Photos: Mark Mahaney / Greenfield-Sanders studio / Courtesy of HBO

You explore the negative sides of modeling in the film, like drug use, sexual harassment, and racism. Did you encounter resistance from the women about discussing these undersides of the industry?
I think they were very open and honest in the film. I would think that at a certain age, what are you hiding? If you're in your sixties and your life as a supermodel was many years ago, why not talk about these things? It's not easy to do it, but I think it's important to do it. They needed to tell the stories, about being a black model in the South at the Ebony Fashion Fair, for example. People forget, but these were very important events in the black community.

Were there any models you wanted to include that you didn't or couldn't get?
Veruschka. I love her and I wanted her in the film and she wouldn't do it. I grew up watching Blow-Up as a teenager—what a gorgeous woman and so extraordinary. I thought, wouldn't it be great to hear what she's done with her life? She answered, "I'm an artist, I don't care about the past and I'm not interested in talking about it." It saddened me. I would have loved to have her point of view especially because she is an artist and that's my world. I would have loved to hear what her mind-set was. She was the one loss.

You've shot many non-models as well as models in your long career. What do models bring to aphotographic shoot that celebrities or "regular" people do not?
When we went to Sundance, I took China [Machado], Carol [Alt], and Beverly [Johnson]. As a filmmaker, you spend all day going from Getty to Corbis to Entertainment Weekly and all these photo ops in ugly little spaces with little studios set up. And every photographer there said to me afterward, "Wow, what a thrill it was to shoot these women. Actors just don't know what to do. They just stand there and they're waiting for us to tell them to do something. These models know their angles and turns and poses and they just know what to do." When I shot them, I did my iconic, simple portraiture, but it was so fun to see these ladies working it with the photography. They're pros. They can walk into a room and look at the lighting and know if it's OK or if it needs to be moved.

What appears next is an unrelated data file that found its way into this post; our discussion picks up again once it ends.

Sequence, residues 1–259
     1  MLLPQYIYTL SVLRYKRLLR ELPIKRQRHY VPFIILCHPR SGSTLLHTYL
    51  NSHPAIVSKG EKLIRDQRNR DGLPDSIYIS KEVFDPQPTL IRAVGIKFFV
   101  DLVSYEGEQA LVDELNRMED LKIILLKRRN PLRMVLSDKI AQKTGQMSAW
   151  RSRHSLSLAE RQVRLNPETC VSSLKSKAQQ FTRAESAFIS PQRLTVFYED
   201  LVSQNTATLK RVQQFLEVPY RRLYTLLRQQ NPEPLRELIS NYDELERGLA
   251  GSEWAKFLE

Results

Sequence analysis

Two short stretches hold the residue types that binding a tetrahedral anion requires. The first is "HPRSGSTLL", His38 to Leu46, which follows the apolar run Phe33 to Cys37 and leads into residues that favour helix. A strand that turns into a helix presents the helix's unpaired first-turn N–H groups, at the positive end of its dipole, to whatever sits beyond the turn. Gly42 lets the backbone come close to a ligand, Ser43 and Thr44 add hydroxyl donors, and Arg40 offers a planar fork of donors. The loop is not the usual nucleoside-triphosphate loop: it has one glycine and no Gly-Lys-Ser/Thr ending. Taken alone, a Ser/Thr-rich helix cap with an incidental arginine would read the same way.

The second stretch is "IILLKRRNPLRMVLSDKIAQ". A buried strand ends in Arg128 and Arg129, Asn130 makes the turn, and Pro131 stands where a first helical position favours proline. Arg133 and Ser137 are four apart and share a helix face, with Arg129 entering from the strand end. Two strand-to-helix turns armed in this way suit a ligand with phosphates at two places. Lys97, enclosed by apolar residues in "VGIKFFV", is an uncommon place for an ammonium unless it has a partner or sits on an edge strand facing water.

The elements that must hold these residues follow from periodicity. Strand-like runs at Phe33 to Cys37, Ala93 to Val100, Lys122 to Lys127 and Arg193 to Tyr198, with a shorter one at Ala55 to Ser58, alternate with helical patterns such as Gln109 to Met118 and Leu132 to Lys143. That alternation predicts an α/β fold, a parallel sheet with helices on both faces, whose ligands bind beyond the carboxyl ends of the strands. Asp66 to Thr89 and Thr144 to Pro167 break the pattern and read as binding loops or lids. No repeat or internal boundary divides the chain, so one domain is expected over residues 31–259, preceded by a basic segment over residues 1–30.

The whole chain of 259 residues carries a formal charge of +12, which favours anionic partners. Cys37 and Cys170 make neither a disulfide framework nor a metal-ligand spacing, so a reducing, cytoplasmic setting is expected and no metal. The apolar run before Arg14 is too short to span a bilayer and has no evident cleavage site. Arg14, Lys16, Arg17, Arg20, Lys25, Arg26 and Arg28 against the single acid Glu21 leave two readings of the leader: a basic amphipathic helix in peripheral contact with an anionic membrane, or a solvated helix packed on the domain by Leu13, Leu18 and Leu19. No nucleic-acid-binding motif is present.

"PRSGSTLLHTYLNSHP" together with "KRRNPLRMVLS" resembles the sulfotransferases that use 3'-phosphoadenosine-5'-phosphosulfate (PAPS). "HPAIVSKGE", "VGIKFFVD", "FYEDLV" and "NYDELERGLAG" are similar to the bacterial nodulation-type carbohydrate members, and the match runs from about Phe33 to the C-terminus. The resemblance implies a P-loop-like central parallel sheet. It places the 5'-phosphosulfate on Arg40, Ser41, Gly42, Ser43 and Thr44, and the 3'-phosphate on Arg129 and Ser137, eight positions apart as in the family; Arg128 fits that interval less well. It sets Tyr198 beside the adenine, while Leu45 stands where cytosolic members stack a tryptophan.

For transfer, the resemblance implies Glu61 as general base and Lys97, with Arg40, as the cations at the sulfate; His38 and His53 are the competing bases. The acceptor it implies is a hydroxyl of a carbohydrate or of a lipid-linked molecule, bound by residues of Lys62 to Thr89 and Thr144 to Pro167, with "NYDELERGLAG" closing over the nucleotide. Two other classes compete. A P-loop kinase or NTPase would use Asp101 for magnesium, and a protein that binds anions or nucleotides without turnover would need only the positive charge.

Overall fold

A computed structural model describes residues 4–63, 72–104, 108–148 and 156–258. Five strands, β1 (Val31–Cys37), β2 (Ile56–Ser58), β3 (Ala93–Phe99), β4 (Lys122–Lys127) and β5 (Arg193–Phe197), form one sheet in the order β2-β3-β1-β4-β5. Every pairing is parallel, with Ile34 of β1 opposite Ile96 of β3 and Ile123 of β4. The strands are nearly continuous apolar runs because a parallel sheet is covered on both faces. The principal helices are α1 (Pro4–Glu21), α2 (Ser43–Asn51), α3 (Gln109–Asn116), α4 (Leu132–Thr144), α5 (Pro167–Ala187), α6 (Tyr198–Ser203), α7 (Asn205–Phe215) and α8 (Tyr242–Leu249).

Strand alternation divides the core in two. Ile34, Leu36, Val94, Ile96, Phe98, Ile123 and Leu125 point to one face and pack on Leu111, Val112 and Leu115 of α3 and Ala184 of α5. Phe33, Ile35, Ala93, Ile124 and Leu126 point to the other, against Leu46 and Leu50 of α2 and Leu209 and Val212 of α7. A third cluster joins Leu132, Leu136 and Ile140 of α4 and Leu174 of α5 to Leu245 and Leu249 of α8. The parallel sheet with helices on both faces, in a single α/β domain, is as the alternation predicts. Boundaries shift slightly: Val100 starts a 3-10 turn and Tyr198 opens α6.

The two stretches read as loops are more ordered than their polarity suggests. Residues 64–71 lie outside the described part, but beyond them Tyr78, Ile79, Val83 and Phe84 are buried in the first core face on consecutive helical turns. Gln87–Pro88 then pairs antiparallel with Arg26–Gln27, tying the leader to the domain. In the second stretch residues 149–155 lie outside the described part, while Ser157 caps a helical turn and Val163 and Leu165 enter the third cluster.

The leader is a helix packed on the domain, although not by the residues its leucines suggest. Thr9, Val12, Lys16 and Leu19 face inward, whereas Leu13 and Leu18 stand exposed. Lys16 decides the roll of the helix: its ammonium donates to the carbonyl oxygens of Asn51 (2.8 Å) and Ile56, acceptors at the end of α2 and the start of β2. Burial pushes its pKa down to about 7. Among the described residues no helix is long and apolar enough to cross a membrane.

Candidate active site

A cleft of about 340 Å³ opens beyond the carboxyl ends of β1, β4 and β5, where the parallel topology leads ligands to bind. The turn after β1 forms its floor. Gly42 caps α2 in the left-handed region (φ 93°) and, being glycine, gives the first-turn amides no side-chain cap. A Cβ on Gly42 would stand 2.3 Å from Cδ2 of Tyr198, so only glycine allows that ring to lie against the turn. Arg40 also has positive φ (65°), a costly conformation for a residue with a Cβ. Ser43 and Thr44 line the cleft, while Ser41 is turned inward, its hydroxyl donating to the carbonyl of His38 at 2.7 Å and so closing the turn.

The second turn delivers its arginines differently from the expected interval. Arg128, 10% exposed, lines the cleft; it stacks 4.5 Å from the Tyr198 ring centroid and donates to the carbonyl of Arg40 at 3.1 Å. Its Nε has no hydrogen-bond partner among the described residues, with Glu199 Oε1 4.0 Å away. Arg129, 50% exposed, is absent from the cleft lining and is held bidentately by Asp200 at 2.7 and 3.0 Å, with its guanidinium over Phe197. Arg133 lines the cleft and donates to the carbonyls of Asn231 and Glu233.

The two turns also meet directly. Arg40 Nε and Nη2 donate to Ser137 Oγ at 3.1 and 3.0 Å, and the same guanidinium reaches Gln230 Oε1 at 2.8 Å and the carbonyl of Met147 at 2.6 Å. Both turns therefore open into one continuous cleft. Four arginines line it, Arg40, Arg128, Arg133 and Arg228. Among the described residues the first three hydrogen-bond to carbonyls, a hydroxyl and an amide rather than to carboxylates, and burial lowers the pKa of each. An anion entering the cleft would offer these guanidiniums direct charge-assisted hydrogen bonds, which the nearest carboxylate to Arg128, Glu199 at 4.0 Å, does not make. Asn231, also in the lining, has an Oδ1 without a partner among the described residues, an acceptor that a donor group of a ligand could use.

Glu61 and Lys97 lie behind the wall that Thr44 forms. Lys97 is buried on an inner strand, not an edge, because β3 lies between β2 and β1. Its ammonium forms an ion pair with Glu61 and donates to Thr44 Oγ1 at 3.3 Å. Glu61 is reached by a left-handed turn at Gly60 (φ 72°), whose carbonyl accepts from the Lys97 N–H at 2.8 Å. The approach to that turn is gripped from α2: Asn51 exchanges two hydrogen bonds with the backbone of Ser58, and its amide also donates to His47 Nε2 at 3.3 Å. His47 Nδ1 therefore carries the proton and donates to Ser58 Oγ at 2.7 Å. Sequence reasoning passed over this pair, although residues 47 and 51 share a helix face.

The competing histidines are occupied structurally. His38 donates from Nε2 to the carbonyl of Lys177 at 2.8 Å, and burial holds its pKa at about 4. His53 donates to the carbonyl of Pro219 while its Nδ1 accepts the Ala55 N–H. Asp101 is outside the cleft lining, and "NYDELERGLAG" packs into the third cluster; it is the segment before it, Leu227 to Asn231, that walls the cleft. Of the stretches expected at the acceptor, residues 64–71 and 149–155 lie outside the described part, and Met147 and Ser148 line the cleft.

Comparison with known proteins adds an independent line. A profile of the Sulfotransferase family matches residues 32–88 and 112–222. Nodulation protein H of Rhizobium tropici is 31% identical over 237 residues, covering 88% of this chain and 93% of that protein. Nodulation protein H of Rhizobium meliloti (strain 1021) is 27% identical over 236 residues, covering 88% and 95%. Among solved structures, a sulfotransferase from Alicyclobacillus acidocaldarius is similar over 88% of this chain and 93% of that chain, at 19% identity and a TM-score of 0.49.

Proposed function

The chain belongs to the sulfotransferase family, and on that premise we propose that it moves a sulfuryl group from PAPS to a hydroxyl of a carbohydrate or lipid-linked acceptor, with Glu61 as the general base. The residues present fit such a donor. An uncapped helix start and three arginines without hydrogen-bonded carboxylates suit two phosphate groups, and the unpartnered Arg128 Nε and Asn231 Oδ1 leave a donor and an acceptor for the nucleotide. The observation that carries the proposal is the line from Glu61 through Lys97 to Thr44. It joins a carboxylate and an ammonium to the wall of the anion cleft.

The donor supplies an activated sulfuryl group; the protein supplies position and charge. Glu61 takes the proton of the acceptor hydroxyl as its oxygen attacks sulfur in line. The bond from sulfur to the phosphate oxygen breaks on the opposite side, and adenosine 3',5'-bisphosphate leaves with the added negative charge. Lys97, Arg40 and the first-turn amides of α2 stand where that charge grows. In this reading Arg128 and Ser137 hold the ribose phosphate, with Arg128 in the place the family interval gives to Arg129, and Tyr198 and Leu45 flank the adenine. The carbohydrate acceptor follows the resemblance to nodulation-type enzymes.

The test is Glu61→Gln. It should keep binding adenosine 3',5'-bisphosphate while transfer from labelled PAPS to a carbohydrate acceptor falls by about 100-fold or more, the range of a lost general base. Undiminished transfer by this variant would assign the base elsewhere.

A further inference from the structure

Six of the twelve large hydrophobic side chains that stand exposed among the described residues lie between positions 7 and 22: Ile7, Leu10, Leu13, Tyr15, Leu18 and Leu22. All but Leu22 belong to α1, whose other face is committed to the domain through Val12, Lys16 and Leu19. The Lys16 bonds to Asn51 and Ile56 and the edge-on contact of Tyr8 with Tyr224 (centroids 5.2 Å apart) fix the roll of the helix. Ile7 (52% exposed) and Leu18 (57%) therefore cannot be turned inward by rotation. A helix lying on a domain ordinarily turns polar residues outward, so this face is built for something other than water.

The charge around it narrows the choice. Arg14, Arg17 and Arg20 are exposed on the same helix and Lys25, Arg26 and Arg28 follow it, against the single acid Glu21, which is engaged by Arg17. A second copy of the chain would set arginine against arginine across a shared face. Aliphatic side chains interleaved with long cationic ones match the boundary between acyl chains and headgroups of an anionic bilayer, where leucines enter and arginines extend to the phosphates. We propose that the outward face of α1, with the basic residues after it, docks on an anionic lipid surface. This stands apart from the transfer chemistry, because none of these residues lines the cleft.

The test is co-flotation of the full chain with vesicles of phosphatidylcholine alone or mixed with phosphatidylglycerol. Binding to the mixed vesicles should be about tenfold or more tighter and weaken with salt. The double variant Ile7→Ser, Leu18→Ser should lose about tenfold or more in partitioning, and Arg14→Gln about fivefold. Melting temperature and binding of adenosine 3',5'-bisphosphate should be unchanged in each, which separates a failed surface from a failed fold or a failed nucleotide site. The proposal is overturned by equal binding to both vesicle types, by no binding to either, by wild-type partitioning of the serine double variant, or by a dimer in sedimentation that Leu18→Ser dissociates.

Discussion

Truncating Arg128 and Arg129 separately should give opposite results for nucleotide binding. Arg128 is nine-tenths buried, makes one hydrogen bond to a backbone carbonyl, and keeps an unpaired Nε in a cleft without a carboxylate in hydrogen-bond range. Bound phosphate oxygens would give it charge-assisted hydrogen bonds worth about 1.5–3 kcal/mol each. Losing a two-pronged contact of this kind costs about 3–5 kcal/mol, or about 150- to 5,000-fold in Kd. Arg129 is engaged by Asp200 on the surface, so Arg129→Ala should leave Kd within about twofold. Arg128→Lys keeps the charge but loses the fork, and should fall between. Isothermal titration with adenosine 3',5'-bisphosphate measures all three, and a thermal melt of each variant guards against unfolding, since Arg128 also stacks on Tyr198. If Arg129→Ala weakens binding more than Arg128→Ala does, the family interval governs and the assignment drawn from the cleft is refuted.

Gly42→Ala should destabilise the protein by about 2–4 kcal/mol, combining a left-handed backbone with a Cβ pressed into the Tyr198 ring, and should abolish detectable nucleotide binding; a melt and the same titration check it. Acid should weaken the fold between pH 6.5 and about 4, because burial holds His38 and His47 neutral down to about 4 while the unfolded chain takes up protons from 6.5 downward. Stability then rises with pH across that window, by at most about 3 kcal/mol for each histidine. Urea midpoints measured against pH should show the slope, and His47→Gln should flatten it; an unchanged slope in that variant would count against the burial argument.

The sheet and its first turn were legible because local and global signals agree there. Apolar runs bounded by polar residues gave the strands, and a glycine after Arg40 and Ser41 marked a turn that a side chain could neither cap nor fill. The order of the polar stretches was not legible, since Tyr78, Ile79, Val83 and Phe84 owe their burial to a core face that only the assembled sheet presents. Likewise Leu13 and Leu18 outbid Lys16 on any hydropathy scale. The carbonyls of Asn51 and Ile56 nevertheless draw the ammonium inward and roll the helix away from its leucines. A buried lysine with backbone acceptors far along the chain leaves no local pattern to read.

You've been quoted as saying, "I don't really like to retouch." But retouching has become a major part of magazine photography. How do you feel about this development? Do you insist on no retouching of your own work?
Retouching has become so part of our lives. People retouch their own photo albums. It's so false to me. It's kind of the way I feel about plastic surgery. Unless you're in some way hurt or scarred in an accident or something, I just don't believe in it. That's my personal view. I'm not a model and I don't depend on my looks for my well-being and income like some of these women, so it's a different story, and I understand that. But the trend toward retouching is horrific. The reality of people's faces compared to what you see on a magazine cover or inside is so stark. Retouching is so easy now. Everyone has Photoshop, so everyone can do it. And there are times when I do retouch things but mostly because I'd rather shoot that moment because the expression is right but oh, the clothes don't work, there's a wrinkle here. I'd rather say, "Oh, we'll do it later," because technically you can do it later. I don't want to lose the moment of the shot. So there's a place for it, but to take every wrinkle away and smooth it out and pretend it doesn't exist and that's the person. It's another world. I'm not going to win this battle. I'm on the losing side. It's about vanity.

Photo: Timothy Greenfield-Sanders / Courtesy of HBO